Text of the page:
Friday, 6 February 2009


Or How I Learned To Love The Life Of A Corporate Executive

When I decided to start a blog, I also decided that I should be as honest as possible when writing. So hear my confession, for I have sinned.

Unlike the authors of other blogs that have a green viewpoint, I have no long-term history of supporting “green” issues – if anything, the opposite is true – for a long-time I was a fully paid up member of corporate globalisation complete with status-symbol company car, frequent flyer air miles and all the materialistic artefacts of conspicuous consumption. I can’t even use the excuse that I was unaware of environmental issues because, over 20 years ago I worked as the Computer Officer for the Avon Wildlife Trust surrounded by plenty of bright, intelligent individuals who educated me on many of the threats inherent in an unsustainable society. Earlier still, as a child, my parents (and especially my mother) made great efforts to instil in me an appreciation for the natural environment.

So, with this background, how did I become a petrol-guzzling, jet-plane-flying consumerist devotee of Western globalisation?

The answer is as easy as it is shameful – I saw the modern equivalents of “porticoes, baths and grand dinner parties” and thought they represented civilisation. Nobody had told me about Tacitus, and so I didn’t know they were the means of my enslavement to global consumerism

Or, rather, I CHOSE not to know. In the early-90s when I stepped onto the corporate ladder, there was plenty of information around to demonstrate that large petrol hungry cars, transatlantic flights and the like were environmentally unsound. So how did I reconcile the arguments put forward with my new lifestyle? The answer was easy, I ignored them. They were not what I wanted to hear, so I tuned them out. Conversely, whenever somebody came up with information that contradicted environmental arguments, I gave them undue weight so that one anti-environmental “fact” would be skewed to outweigh multiple pro-environmental facts.

Later this “tuning out” would extend to not putting myself in the position of being confronted with environmentalism – I read the Times not the Guardian, I watched Top Gear not Life on Earth, I listened to the views of my new friends in business whilst losing touch with old friends involved in environmental campaigns. I effectively closed my eyes and jammed my fingers in my ears whilst singing “la-la-la-la” loudly to drown out anything unpalatable for my new-found tastes in lifestyle.

I should hasten to add that much (but not all) of this took place at an almost subconscious level – Yes, I was aware that I was consciously trying to avoid “inconvenient truths” but it wasn’t until relatively recently, when I tried to analyse and fathom how I had managed to ignore the facts for so long, that I realised to what extent I had been doing this. For example, the more I ignored information from environmentally friendly sources, the less information those sources provided me with. This meant I had less environmentally friendly information coming in, which reinforced my decision to ignore it– after all, the level of environmentally friendly information was declining, wasn't it?. It was a positive feedback loop built on a foundation of irrationality.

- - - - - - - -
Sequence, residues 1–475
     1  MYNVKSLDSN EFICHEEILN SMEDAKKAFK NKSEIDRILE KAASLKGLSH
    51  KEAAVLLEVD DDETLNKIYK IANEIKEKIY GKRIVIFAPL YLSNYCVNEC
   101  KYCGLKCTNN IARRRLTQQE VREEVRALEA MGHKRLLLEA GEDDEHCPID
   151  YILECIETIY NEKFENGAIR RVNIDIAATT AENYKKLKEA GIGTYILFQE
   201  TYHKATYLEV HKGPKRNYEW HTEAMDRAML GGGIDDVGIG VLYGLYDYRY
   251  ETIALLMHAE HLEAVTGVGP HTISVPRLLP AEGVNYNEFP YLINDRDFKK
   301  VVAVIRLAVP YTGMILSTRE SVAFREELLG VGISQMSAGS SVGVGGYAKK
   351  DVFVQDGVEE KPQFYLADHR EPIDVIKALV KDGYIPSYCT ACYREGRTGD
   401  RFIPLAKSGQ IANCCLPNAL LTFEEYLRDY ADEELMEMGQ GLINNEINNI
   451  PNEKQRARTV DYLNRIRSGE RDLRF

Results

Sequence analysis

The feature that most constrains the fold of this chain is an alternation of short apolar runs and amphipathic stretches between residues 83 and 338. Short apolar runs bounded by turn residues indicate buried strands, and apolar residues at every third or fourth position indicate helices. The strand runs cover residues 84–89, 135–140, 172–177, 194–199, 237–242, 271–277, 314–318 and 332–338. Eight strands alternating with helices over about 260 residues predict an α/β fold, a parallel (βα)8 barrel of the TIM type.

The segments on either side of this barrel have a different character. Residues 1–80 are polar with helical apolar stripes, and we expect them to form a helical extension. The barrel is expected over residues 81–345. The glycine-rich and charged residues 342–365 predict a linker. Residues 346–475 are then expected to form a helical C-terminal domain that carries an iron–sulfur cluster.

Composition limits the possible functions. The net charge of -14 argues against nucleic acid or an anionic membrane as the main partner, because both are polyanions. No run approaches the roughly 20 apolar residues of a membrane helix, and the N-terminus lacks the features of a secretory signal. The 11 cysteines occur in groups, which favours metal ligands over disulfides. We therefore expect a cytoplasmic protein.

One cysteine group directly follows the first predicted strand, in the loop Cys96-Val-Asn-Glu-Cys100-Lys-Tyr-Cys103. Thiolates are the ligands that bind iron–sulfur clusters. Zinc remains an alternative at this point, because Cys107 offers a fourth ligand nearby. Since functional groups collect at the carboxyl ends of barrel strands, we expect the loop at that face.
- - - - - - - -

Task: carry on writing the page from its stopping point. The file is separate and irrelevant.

It took me the best part of a decade to realise that I had been living a grotesque lie. Despite being surrounded by material possessions I'd barely dreamed of back in Hartcliffe, I suddenly realised that I was less happy than I had ever been.

The birth of our daughter had begun the process that had led to the separate realisation that there was more to life than new cars, designer outfits and overseas trips. The catalyst would be the death of my father. A honest, hard-working and intelligent man, he had felt strongly that decisions should be made based on all the information available – it was not acceptable to simply cherry-pick the facts that you wanted to believe, you had to listen without prejudice to all sides of the argument, and then draw your conclusions based on objective analysis. I had let him down by abandoning the core values he had passed on to me.

We have now moved back to the Bristol area and our families. We earn considerably less than we did, we do not own our house (we rent privately), we do not own a car, our last holiday was to Newquay rather than New York, and we are happy, so much happier than we were when we were living the life portrayed in glossy magazines. I won't get fooled again.

Now that confession is over.....

I do not know how often I will be writing in this blog, but it is likely that the comments will mainly be requests for more information and clarification. As I have said, I do not have the long-term experience or in-depth knowledge of environmental issues that others have, and so I will looking for answers rather than providing them. The other aspect of being new to environmentalism is that I do not hold a long-standing position on most green issues – therefore do not expect my viewpoint to be consistent, as I learn more and/or take on board comments I suspect my own position will change.

I am looking forward to it.


  1. Welcome to the blogosphere Tony. I look forward to reading your posts and commenting on them occasionally. I like the exploratory style you've described. Many that find this blog will appreciate what you say!

    (By the way I've been a green for over 25 yrs now but still enjoy watching Top Gear every now and then !!)

  2. Glenn watches Top Gear

    Drum him out of the party...

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